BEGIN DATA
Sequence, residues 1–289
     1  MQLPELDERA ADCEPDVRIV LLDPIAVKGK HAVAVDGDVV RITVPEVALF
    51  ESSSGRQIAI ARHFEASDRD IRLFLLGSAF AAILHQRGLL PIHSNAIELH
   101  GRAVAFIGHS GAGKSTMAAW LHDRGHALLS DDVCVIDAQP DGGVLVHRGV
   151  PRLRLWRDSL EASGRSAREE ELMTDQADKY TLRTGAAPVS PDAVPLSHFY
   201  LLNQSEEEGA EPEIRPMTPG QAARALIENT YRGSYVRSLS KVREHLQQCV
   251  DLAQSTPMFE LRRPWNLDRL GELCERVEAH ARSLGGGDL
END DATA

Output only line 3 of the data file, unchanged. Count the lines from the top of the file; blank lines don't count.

    51  ESSSGRQIAI ARHFEASDRD IRLFLLGSAF AAILHQRGLL PIHSNAIELH